What Pandemic Inspired Marketing Behaviour is Most Likely to Stay

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What Pandemic Inspired Marketing Behaviour is Most Likely to Stay

Marketing behaviour is constantly changing, regardless of the circumstances that have surrounded the year. Oftentimes though, the reasons for these changes are a direct result of what has happened in that year, and that has never been the case more so than in 2020 and 2021. The pandemic shook the modern world in a way that it has never been shaken and with that came altered attitudes and behaviours from consumers and towards marketing. 

Now, as the vaccine is rolled out continuously and restrictions have eased, the dust is starting to settle and the adaptations that are looking likely to stay are becoming clearer. It is obviously very important for businesses to remain on top of these adaptations in order to recover and thrive in the aftermath of the pandemic. 

This article will consider the changes in marketing that have occurred throughout 2020 and 2021 that are likely to stay and that businesses will need to implement into their future marketing strategies. 


The New Normal: Digital Shopping 

Yes, it won’t surprise you to hear that digital shopping is here to stay. As the high street closed and social distancing was imposed nationwide, consumers had to find a way to shop differently. As such, there was a dramatic rise in the amount of online shopping and e-commerce that people engaged with, and that rise is not seeing any sign of slowing down. 

The rise was astronomical for some organisations as global conglomerate Amazon saw a record-shattering year and people who have begun shopping online as a result of the pandemic have confirmed they intend on carrying on doing so. As such, regardless of what your business strategy is moving forward, having a presence online will be absolutely essential. 


Brand Loyalty is Eroding 

As there has been an increase in online shopping, so too has people’s access to content increased. As such, there is less of a willingness to engage with brand loyalty as people are keener on trying new things. This could be both a good and a bad thing. It’s bad for brands who rely on the loyalty of their customers; however, for smaller businesses, there is a larger audience available who are willing to engage with their products and services.

In terms of marketing, this highlights just how quickly marketers are going to need to pinpoint where consumers are going in between purchases. This could mean there will be a larger reliance on social media marketing to try and target consumers on their most visited platforms, there will also be an even larger emphasis on SEO and other content as people will be willing to search a term and click on the first results that come up, regardless of whether they’ve heard of the brand or not. 


The Localisation of Marketing 

There have been a lot of people moving out of urban areas and heading towards the suburbs and rural regions throughout the pandemic. As such, many more shoppers are taking to neighbourhood stores and buying more locally. As a result, localised content, networking and personalisation should be used by small businesses to capitalise on this. This will not only generate more traffic but will strengthen the connection with your audience, which will hopefully bridge the gap that is left in a lack of brand loyalty now.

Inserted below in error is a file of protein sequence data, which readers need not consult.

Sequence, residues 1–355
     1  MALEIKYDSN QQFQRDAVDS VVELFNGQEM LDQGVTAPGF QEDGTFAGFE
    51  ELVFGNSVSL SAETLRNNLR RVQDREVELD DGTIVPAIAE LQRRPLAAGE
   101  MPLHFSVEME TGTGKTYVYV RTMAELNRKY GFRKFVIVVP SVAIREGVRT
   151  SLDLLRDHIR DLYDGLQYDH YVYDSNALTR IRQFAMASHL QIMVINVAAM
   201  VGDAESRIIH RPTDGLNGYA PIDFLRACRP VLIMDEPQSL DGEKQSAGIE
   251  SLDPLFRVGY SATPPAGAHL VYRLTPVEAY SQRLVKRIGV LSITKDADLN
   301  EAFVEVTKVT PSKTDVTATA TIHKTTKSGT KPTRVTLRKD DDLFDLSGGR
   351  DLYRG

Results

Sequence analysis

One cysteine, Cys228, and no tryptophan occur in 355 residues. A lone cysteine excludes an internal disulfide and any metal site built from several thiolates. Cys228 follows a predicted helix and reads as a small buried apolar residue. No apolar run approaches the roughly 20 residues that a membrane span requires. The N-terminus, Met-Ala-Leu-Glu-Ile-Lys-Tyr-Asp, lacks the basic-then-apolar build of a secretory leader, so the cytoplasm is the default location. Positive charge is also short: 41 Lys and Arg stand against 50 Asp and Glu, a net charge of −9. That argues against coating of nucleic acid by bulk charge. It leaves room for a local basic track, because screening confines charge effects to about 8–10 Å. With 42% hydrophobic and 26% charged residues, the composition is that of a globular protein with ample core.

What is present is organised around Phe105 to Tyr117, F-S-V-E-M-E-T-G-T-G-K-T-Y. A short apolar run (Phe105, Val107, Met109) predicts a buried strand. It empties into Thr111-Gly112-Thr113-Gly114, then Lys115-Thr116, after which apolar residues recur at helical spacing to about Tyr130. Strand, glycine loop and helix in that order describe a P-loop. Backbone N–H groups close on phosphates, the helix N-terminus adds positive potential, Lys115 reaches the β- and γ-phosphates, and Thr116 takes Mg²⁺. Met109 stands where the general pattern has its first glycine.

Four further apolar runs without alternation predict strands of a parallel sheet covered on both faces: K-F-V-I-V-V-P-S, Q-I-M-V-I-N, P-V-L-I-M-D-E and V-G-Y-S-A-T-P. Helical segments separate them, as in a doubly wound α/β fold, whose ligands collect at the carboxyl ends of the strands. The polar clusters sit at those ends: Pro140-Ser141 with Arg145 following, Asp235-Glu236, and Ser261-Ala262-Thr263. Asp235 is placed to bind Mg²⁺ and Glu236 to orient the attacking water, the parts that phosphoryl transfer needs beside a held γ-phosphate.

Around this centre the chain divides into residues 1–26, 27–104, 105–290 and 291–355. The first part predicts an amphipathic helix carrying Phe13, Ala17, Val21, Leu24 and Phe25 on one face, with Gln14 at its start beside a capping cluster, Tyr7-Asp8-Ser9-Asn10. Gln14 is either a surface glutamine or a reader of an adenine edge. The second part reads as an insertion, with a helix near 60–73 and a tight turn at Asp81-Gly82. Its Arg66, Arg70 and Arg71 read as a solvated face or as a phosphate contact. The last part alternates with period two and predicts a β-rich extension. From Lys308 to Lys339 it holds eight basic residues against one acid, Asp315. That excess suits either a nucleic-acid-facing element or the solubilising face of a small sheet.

A Balance Between Sustainability and Hygiene 

We have had to really hone in on the importance of contactless activities in order to improve the hygiene of different stores. There will be much more of a reliance on self-service checkouts and single-use packaging will also be utilised a lot more. This doesn’t mean that sustainability goals will diminish though, as organisations will still be expected to take steps towards lowering their carbon footprint.  



Realistically, the changes that have come in the wake of covid-19 all stem from what was initially mandatory and is now a voluntary attitude towards staying at home. Though the economy is reopening, many consumers are still hesitant to engage with regular activities that take place outside. Anxiety surrounding restrictions being dropped means people are more hesitant to go to restaurants, gyms and more so than ever are scared about shared spaces, such as public transport, offices and shops. The increased use of the internet as a result of lockdown, for these reasons, will continue, so businesses will need to adapt accordingly. 

This increased use of the internet will mean that businesses will need to ensure they have a strong online presence. It will also mean that consumers are less likely to adhere to brand loyalty, due to the fact they will literally have the world at their fingertips. Then, when they do decide to exit the home to shop, they will likely stay local. Businesses need to ensure that they are engaging with online marketing as a means to appeal to the masses and are focusing on localised networking to appeal to those in their surrounding area who eventually decide to go out. 

Of course, catering your business marketing in such a way will be difficult, which is why it is a good idea to engage with the services of a global performance marketing agency such as YouYaa. YouYaa has a plethora of positive client testimonials for their ability to market organisations online in a way that offers 100% transparency, as well as no hidden costs and honest, friendly advice. 

If you have read the above and are ready to begin strengthening your business place online, becoming more visible to the masses whilst still focusing on locality, then you should contact YouYaa today. Also, do not hesitate to get in touch for just a friendly chat. If you have any questions about our services or what we can offer, we will be more than happy to help.